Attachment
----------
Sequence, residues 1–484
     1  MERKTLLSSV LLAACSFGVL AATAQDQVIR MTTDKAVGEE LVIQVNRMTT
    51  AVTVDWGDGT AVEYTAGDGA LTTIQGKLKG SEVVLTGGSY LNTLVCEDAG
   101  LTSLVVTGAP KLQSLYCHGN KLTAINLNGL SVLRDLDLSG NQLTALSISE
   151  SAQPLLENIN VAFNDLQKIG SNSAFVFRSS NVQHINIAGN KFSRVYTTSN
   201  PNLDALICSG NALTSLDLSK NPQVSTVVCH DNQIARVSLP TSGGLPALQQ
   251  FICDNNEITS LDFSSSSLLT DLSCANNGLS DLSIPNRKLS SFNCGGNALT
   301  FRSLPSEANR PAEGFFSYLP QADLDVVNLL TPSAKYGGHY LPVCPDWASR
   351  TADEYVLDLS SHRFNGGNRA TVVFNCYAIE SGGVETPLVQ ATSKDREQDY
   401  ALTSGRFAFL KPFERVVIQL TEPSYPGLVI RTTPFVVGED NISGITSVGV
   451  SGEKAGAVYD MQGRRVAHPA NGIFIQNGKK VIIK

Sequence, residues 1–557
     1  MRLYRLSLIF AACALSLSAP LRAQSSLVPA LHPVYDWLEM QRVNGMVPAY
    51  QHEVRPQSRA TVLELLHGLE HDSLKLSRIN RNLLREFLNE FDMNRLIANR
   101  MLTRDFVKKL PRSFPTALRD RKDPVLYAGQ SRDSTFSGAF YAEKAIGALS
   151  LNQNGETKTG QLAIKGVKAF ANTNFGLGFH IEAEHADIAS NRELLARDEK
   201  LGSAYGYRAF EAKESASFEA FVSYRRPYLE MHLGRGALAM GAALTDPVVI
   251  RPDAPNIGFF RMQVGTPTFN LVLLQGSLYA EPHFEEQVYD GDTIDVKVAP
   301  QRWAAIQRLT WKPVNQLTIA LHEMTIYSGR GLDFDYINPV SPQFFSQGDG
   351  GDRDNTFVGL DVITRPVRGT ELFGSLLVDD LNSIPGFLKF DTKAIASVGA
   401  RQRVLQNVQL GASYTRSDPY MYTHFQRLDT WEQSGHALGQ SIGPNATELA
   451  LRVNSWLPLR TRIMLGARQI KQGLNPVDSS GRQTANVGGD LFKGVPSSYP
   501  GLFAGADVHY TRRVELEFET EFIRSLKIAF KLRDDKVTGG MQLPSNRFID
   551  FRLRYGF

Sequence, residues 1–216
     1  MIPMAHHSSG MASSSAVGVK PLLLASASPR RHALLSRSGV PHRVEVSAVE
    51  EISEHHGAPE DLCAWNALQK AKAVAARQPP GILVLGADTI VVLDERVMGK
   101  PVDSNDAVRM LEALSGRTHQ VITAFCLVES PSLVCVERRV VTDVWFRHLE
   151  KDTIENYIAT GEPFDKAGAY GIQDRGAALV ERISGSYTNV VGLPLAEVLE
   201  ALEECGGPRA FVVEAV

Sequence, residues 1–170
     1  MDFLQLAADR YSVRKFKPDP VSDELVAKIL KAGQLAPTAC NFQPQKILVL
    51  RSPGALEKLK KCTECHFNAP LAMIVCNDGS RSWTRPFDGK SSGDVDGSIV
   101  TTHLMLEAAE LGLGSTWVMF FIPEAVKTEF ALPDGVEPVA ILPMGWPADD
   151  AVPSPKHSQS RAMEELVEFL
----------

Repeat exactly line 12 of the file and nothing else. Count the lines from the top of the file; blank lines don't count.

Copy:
Sequence, residues 1–557